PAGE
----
CHICAGO (CN) – The Barbizon School dupes aspiring models for thousands of dollars in tuition by falsely promising “print, television, commercials and film” work at $50 to $150 per hour or more through “Barbizon’s placement agency,” Royal Model & Talent Management, a class action claims in Cook County Court. But in truth, Barbizon reported in 2009 that “of the 172 students who completed its course in the previous year, none were employed,” according to the complaint.
The class members claim the Barbizon School of Schaumburg charged them each at least $2,145 in tuition for “totally worthless” training. They claim Barbizon and its co-defendant concealed that “only 1 percent or less” of its graduates actually get modeling jobs through the company.
Named as defendants are Instruction and Education Enterprises dba Barbizon School of Schaumburg, Royal Model & Talent Management, Royal Model Management, Barbizon Model Center, and Charles R. Nemes, whom the complaint described as the “owner, president and operator” of Barbizon.
The class claims Barbizon does not even mention its “training” program when it recruits victims, but says it is searching for “new faces to model for their agency, doing part-time local modeling and acting.”
It claims Barbizon persuades people to “audition” by holding “invitation-only” meetings where it shows “projection videos of models walking up and down runways to upbeat music,” while claiming that they will make $50 to $150 per hour or more.
Barbizon then sets up a meeting between a “Barbizon ‘director’ and the potential enrollee (and her/his parents if necessary) to determine if Barbizon will ‘accept’ them,” according to the complaint. (Parentheses in complaint.)
The “director” then delivers the news that candidates will have to go through the company’s training program, which “costs $2,395 or $2,145 if paid immediately.”
Candidates then get a brochure titled, “Why Barbizon?” which states: “Graduates of Barbizon’s programs receive lifetime representation by Royal Model Management, Barbizon’s placement agency,” according to the complaint.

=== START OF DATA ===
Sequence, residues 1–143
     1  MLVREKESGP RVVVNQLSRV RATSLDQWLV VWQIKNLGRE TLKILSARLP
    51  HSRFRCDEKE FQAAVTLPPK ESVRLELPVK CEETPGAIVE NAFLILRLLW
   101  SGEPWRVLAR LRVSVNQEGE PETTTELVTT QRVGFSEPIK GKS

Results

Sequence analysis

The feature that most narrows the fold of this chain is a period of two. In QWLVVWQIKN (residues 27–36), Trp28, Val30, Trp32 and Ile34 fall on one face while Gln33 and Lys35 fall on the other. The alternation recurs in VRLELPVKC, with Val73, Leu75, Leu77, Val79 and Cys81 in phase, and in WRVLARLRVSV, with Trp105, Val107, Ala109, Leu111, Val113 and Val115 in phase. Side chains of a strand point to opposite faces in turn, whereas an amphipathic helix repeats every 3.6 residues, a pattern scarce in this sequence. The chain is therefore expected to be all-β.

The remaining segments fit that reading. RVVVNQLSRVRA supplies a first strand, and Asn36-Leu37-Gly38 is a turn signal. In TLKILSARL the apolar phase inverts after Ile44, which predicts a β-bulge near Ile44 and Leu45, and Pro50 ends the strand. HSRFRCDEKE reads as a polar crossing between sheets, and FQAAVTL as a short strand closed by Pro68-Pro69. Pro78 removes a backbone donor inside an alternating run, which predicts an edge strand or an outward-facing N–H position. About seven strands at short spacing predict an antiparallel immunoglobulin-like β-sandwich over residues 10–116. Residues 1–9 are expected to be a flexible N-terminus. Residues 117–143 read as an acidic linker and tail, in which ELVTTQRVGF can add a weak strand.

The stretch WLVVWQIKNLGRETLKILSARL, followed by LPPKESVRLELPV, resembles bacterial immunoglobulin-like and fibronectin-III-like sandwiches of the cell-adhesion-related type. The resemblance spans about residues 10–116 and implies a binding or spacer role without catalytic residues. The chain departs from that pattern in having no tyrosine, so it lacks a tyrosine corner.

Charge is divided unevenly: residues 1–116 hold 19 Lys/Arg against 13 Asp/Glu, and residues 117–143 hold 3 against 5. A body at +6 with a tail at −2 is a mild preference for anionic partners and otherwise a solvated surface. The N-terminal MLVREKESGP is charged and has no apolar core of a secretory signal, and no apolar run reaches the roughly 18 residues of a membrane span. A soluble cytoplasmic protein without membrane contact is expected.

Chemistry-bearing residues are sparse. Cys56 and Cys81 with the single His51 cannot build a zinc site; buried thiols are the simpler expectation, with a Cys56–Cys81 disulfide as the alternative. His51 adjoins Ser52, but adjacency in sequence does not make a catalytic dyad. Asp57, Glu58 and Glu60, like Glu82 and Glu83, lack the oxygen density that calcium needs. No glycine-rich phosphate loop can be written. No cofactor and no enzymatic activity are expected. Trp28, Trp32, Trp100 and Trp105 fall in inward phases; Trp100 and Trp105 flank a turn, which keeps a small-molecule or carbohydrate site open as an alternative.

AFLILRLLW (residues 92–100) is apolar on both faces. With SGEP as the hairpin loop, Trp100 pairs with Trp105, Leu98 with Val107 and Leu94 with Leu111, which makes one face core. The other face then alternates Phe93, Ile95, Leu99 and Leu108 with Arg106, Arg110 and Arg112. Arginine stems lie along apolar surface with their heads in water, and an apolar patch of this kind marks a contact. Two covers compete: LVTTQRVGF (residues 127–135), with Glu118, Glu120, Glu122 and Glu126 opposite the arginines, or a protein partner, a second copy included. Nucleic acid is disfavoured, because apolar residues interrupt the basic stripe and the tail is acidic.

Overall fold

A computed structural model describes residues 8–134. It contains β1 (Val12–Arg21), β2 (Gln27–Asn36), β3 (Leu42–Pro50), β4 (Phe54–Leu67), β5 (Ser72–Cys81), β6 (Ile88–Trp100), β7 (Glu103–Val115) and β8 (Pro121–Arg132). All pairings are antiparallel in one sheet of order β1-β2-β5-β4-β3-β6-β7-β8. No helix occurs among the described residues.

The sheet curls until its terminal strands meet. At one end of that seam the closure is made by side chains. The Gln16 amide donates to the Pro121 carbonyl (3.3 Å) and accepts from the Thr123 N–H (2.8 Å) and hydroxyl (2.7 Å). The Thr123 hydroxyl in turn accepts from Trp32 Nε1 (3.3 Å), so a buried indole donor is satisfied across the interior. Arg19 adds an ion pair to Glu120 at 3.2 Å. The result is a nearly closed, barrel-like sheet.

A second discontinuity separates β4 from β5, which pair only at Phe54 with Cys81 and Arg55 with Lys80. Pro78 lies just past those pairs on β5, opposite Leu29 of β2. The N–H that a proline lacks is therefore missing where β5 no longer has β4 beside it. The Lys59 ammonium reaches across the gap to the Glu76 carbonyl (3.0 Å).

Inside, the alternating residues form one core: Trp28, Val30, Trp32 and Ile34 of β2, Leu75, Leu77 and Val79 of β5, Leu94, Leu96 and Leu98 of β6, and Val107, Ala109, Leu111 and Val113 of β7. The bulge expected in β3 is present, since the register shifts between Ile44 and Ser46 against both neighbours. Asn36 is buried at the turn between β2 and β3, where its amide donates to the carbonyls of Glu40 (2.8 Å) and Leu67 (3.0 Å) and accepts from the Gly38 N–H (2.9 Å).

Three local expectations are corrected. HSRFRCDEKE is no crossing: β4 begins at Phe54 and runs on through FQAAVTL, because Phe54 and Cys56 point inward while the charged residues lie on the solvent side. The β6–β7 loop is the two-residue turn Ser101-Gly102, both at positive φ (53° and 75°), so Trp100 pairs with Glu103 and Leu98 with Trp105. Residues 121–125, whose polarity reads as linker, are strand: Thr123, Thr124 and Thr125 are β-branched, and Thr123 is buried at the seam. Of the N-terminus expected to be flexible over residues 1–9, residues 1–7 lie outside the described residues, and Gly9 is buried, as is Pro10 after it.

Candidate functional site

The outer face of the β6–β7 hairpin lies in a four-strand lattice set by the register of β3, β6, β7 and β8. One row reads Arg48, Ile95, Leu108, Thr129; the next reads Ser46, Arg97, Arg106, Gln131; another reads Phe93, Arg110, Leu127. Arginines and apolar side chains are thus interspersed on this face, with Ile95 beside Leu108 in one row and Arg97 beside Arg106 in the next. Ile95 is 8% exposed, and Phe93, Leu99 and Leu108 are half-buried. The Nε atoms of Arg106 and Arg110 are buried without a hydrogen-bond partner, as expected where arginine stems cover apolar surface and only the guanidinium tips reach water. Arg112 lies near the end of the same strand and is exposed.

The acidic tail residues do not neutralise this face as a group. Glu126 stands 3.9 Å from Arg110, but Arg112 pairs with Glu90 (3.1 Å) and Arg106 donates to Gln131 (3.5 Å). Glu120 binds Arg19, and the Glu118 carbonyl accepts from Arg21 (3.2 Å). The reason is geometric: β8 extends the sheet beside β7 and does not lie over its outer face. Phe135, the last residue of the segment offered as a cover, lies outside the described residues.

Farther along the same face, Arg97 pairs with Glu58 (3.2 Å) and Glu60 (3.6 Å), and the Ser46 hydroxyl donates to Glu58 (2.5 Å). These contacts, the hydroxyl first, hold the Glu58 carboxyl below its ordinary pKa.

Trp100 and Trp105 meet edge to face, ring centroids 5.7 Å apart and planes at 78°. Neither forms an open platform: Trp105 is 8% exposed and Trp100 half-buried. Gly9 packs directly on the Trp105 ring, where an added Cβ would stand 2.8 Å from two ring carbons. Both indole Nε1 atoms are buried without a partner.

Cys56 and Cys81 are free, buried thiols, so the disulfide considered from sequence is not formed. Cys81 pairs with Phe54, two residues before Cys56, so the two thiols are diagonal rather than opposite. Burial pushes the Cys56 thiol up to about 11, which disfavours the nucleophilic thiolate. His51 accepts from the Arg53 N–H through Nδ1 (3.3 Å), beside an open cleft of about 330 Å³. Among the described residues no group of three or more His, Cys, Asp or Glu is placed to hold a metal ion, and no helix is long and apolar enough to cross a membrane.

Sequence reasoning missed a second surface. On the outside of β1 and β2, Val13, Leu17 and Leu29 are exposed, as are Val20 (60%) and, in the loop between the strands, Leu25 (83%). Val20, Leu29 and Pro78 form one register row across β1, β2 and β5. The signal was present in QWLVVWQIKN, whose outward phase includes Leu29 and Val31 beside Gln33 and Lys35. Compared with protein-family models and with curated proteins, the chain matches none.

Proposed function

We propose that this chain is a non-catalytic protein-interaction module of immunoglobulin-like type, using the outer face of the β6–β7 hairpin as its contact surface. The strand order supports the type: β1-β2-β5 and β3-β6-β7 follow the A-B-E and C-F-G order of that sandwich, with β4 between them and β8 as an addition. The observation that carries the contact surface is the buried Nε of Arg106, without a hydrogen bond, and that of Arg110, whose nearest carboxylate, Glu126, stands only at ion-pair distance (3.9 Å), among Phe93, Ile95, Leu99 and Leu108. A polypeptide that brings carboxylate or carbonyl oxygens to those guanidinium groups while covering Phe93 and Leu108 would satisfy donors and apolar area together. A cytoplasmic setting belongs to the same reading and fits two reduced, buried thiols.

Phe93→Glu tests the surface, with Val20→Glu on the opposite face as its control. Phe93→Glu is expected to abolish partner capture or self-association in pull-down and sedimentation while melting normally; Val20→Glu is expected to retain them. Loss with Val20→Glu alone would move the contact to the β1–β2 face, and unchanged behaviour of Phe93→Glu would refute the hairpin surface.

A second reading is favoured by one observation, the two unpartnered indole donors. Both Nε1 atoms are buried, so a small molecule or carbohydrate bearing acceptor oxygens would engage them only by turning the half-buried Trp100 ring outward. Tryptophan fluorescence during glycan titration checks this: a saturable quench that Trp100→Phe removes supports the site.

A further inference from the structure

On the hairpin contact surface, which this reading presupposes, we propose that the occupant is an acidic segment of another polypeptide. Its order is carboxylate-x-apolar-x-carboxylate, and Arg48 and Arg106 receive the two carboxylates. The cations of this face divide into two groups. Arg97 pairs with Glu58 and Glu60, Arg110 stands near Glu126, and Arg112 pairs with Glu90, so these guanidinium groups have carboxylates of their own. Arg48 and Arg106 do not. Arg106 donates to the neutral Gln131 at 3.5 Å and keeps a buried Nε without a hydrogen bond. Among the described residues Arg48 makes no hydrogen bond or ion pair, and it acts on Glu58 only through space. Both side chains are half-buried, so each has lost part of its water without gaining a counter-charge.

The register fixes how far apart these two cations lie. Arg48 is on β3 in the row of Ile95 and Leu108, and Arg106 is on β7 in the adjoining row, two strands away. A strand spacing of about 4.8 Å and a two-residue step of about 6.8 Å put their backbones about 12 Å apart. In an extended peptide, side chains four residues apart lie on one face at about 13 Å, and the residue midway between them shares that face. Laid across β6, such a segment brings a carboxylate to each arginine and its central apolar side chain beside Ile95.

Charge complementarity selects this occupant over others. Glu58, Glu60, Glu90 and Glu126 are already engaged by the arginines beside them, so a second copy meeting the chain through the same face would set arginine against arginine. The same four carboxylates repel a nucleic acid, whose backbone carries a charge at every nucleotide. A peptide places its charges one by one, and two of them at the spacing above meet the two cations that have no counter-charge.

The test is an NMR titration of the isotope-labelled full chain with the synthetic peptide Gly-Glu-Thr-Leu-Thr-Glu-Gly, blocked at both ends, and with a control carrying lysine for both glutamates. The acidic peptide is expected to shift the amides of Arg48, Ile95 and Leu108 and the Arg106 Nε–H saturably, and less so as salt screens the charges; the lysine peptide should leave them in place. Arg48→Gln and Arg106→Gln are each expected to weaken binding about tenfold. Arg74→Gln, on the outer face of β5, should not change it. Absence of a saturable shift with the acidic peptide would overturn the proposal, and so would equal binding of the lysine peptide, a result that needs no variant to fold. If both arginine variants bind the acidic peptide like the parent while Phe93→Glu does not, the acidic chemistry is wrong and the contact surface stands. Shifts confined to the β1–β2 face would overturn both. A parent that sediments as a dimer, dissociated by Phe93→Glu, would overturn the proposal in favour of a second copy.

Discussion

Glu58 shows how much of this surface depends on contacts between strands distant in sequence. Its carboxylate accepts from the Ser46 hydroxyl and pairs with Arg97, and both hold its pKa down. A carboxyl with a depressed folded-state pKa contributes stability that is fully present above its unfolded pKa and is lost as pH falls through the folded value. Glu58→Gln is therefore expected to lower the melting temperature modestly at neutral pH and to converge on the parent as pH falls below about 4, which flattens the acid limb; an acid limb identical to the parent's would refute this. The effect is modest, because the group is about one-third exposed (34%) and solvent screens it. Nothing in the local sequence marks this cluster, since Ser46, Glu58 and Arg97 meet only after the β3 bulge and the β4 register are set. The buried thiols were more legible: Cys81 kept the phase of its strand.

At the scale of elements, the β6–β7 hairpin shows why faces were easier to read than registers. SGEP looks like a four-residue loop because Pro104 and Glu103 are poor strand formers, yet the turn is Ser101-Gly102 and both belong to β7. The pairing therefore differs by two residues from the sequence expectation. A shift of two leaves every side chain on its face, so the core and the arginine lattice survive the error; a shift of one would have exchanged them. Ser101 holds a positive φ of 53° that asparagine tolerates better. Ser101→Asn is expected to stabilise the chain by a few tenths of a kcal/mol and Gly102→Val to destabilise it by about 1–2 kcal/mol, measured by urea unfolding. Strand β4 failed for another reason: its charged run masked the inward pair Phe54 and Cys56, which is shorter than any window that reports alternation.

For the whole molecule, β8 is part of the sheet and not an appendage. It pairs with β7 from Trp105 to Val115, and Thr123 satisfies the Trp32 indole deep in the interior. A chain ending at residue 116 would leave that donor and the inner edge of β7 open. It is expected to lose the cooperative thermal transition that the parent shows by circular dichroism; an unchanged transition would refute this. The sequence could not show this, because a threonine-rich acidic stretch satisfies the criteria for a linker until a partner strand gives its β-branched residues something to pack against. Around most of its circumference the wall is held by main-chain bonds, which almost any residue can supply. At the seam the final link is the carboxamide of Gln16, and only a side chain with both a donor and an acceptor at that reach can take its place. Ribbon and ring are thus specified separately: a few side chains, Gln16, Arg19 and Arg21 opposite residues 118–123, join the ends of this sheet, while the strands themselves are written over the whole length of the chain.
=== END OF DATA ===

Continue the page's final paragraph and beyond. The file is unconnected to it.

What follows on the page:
The “director” claims that a Barbizon representative will call at a set time, and warns that “the call might be late, because others need to be called as well and sometimes people cry when they are told they have not been accepted by the agency,” the complaint states.
The class claims that as part of the deception, Barbizon delivers the acceptance call “well after the scheduled time,” apologizing because “she had to give a lot of people bad news …” She says that Barbizon would like the applicant to start right away and that Barbizon is holding a space in the next class, the class claims.
But upon completing Barbizon’s training program, Barbizon and Royal Talent make no attempt whatsoever to represent the students or place them in jobs, according to the complaint.
“Barbizon is well aware of and fails to disclose the fact that its graduates rarely, if ever, achieve careers in print, television, commercials, film, etc.,” according to the complaint. “For example, Barbizon reported to the Wisconsin Directory of Private Postsecondary Schools in May 2009 that of the 172 students who completed its course in the previous year, none were employed.”
The class claims Barbizon’s principal site is Schaumburg, with branches in Peoria, Champaign, Normal, and Belvedere, Ill.
The class demands damages for violations of the Private Business and Vocational Schools Act, and consumer fraud.
Lead counsel is Peter Lubin with DiTommaso Lubin of Oakbrook Terrace.